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Ita: Legends of the Orishas. African Beliefs & Creation Myths. Earth Many African peoples regard the earth as a female deity, a mother-goddess who rules all people and is the mother of all creatures.

African Beliefs & Creation Myths

The earth lives and gives birth to ever new generations of beings. She will make the grass grow when heaven gives her rain and if there is no rain, she withdraws into her own depths, waiting for better times to come. Many regions of Africa have to endure a dry season when nothing grows and death reigns. As soon as the new rains, life begins miraculously. Jok - concept of the devine Jok (Nilotic: Kenya, Uganda, Sudan). Kikuyu The Kikuyus are a large tribe. Elephant Numerous myths are told in Africa about its biggest animal, the elephant, whose very size makes it unassailable in nature, except by man, who has weapons and magic to kill it. Majimaji In July 1905, rebellion broke out in the area south of Dar es Salaam (Tanzania), against the newly instituted recruitment for compulsory work on the German cotton and sisal plantations.

Destiny (Yoruba) Afterlife. MythHome: African Gods List. Yoruba Deities. Orishas. YORUBA ORISHAS: ASTROLOGICAL COUNTERPARTS. Submitted by Azizi on Sun, 2011-11-06 15:19 Edited by Azizi Powell This post is my attempt to list the astrological planetary conterparts of some Yoruba orishas (divinities/gods/goddesses).


DISCLAIMER I'm not an astrologer or a person initiated in traditional Yoruba religion (Ifa)** or any religion that is based upon Ifa such as Lucumi, Candomble, and Santeria. However, for some time I've read about astrology and for some time I've also read about traditional Yoruba religion. And I have noticed significant similarities between the attributes ascribed to Yoruba orishas and the attributes that Western astrologers have ascribed to specific planets & signs that they are said to govern. Since astrological planets and signs are based on Greek & Roman gods and goddesses, this list can also be considered to provide information about specific Yoruba orishas and their counterparts among Greek/Roman divinities. Also note that I've listed more than one orisha for certain astrological planets. -snip- The Lukumí Pantheon: Orishas Signs and Aspects.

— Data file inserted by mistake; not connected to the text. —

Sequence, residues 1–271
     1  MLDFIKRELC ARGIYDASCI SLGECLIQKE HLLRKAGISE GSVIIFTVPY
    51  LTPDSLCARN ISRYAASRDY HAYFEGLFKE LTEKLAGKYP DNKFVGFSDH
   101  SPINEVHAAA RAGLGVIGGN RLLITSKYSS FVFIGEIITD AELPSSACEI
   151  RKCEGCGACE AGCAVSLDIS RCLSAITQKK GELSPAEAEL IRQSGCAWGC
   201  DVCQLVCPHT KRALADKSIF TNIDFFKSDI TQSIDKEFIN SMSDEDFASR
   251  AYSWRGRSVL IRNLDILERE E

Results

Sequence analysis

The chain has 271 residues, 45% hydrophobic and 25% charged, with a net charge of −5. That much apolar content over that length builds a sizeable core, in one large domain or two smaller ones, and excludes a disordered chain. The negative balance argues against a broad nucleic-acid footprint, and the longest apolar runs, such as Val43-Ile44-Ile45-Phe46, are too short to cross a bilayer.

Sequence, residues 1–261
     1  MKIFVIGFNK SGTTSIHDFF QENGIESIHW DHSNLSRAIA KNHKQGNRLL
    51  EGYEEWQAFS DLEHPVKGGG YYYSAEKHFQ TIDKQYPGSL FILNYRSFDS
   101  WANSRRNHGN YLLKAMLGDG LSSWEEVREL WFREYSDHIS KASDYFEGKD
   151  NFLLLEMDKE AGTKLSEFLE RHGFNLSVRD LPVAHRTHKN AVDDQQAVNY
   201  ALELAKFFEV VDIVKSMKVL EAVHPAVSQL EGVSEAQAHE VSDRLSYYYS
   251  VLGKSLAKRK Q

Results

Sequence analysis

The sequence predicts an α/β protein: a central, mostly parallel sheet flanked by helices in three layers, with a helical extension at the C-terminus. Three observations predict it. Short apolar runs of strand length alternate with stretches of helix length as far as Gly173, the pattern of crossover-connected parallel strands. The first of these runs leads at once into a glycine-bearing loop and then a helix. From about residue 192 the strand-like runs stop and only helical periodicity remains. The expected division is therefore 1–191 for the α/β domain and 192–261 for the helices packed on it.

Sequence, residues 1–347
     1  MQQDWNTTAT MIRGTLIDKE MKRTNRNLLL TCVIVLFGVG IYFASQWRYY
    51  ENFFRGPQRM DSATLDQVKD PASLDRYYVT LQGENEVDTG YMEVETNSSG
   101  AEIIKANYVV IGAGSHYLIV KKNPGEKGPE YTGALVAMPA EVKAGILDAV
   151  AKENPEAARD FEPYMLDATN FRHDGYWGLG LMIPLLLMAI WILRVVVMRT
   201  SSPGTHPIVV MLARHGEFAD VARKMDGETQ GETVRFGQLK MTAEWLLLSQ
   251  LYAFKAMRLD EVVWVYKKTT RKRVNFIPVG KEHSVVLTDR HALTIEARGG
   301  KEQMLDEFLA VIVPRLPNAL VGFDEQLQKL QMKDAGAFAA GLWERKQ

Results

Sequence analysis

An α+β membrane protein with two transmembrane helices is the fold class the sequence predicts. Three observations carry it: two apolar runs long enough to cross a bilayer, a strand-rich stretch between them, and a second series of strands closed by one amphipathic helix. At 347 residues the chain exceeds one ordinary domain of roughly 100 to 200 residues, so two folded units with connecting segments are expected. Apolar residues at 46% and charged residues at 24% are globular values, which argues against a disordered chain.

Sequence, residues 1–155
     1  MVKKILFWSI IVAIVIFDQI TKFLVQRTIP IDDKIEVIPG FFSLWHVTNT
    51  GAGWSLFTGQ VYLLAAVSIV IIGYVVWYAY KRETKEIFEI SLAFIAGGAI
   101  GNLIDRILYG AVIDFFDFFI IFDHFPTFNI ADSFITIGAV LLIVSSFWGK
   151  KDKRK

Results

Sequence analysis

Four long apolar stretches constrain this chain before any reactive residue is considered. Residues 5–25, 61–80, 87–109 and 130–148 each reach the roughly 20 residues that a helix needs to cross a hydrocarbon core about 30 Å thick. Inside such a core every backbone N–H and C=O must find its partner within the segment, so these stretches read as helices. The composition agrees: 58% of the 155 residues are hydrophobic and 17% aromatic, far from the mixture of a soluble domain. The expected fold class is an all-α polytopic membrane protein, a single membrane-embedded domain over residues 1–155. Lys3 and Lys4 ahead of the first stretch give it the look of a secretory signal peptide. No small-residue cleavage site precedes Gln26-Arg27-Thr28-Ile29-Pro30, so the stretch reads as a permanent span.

The deities or gods worshipped in Lukumí religion are called orishas.

The Lukumí Pantheon: Orishas Signs and Aspects

All the orishas are direct emanations and representatives of Olodumare whom He created and placed on earth to aid and supervise humankind. The orishas serve as mediators between the cosmos and as the major means of communication with the Supreme Being. Each divinity is related to some aspect of nature, as well as in charge of some element of human existence. The orishas can represent all the virtuous qualities of the divine and sacrosanct, yet the orishas are also human‑like in their characters and mannerisms. They are celestial, yet they are worldly too. These human‑like attributes of the Lukumí orishas play a very important role in the development and continuity of the religion. The exact number of orishas worshipped by the Yoruba is difficult to calculate. Many orishas were able to survive the trans‑Atlantic voyage and reinstate themselves in Cuba. Yewá was a daughter of Oduduwá. Orisha: Eshú-Elegbá (Elegguá)

Orisha Tools of Worship : Herramientas. The Orishas. The orishas are the emissaries of Olodumare or God almighty.

The Orishas

They rule over the forces of nature and the endeavors of humanity. They recognise themselves and are recognised through their different numbers and colors which are their marks, and each has their own favorite foods and other things which they like to receive as offerings and gifts. In this way we make our offerings in the manner they are accustomed to, in the way they have always received them, so that they will recognise our offerings and come to our aid. The orishas are often best understood by observing the forces of nature they rule over. For instance, you can learn much about Oshún and her children by watching the rivers and streams she rules over and observing that though she always heads toward her sister Yemayá (the Sea) she does so on her own circuitous route.

Elegba Elegba (also referred to Eleggua or Elegguá) is the owner of the roads and doors in this world. Ogún Ogún is the god of iron, war and labor. Oshosi Obatalá. Angelfire Orisha Links.